Textuality » 4LSCA Interacting

LDri - Textual Analysis: To Be Or Not To Be - 03/12/2020
by LDri - (2020-12-03)
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A soliloquy is a form of poetry where the character talks to him/herself. One of the most famous soliloquies is the Shakespeare’s one: To be, or not to be.


Its structure starts whit a question, which will be developed in all the monologue. Right from the second line, the poet tries to give a tentative of answer, reporting two different options, the character has to choose.

However, the most relevant line is the first one, which reports the great question: to be or not to be?

All the attention is focused on the verb “to be”, a perceptional verb written in the infinitive form, that makes the question an universal one, addressed to everyone. Indeed, the sense of “to be” is very huge and includes other meaning such as “to exist”, “to live”, “to do”. According to this, the question hides a deep problem, characterized by the contrast between two key-words: life (=to be) and death (=not to be). All in all, punctuation has an important role. Indeed, the comma and the two colons create a sequence of pauses, that forces the reader to stop and to reflect about what it has said and what will be said.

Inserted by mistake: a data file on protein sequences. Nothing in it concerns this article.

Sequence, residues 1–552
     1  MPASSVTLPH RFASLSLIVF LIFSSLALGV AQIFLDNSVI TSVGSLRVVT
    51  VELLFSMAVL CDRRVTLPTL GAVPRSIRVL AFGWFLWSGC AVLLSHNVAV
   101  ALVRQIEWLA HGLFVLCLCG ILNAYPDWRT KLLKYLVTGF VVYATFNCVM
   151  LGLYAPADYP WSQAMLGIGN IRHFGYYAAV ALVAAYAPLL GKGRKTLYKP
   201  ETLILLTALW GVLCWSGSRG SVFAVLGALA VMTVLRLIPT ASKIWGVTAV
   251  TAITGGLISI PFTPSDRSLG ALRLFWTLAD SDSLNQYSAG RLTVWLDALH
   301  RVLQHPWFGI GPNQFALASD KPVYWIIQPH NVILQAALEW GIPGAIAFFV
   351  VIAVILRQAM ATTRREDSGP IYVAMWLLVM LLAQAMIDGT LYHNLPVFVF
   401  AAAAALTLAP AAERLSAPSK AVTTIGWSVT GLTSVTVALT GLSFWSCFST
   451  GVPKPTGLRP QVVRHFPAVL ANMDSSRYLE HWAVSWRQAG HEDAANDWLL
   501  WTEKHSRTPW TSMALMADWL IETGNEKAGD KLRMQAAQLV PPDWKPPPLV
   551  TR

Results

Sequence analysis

Proceeding with the reading, the speaker presents two tentative of answer. In these lines, the Renaissance vision of the man is evident. Indeed, the poet stands out the capacity of thinking, making hypothesis and taking in consideration, all mind skills. The renaissance man appreciates the rationality.

As anticipated, the question is indirectly addressed to all humanity. To tell the truth, everyone has to choose if surrendering in front of difficulties of if taking arms against troubles. The idea of life comes to light as if it was a difficult battle everyone copes with. It is described as an “outrageous fortune”, that can be favorable or unfavorable, depending on the situation (according to the renaissance dimension).

Therefore, you should choose whether to accept all the problems and live in a passive way (=not to be) or to fight and put an end to suffering. The semantic field is strongly connected to the idea of life. Indeed, the poet uses words such as “slings”, “arrows”, “arms”, “troubles” and “opposing”.

In the fifth line, the idea of death is compared to an eternal sleep, that put an end to “heart-ache” and “thousand natural shocks”, which arise from the desire and from the flesh (reevaluated at that time).

Again the speaking voice repeats “to die, to sleep”, underlining again the relation between the two moments and creating a sound effect, that creates a link between the lines and the words.